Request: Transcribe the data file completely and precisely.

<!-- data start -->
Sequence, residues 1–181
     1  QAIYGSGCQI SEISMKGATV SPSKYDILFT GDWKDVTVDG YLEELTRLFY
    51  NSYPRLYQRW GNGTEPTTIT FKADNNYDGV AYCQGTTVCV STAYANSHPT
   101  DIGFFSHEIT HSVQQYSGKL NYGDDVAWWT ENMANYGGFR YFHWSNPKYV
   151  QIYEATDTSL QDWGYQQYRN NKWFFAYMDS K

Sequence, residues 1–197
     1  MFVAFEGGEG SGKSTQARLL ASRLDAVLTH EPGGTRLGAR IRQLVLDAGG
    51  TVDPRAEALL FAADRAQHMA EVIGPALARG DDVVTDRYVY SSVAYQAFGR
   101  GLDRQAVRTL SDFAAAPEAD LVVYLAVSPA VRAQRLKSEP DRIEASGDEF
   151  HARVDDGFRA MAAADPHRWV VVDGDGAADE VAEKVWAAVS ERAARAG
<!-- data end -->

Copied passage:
Sequence, residues 1–181
     1  QAIYGSGCQI SEISMKGATV SPSKYDILFT GDWKDVTVDG YLEELTRLFY
    51  NSYPRLYQRW GNGTEPTTIT FKADNNYDGV AYCQGTTVCV STAYANSHPT
   101  DIGFFSHEIT HSVQQYSGKL NYGDDVAWWT ENMANYGGFR YFHWSNPKYV
   151  QIYEATDTSL QDWGYQQYRN NKWFFAYMDS K

Sequence, residues 1–197
     1  MFVAFEGGEG SGKSTQARLL ASRLDAVLTH EPGGTRLGAR IRQLVLDAGG
    51  TVDPRAEALL FAADRAQHMA EVIGPALARG DDVVTDRYVY SSVAYQAFGR
   101  GLDRQAVRTL SDFAAAPEAD LVVYLAVSPA VRAQRLKSEP DRIEASGDEF
   151  HARVDDGFRA MAAADPHRWV VVDGDGAADE VAEKVWAAVS ERAARAG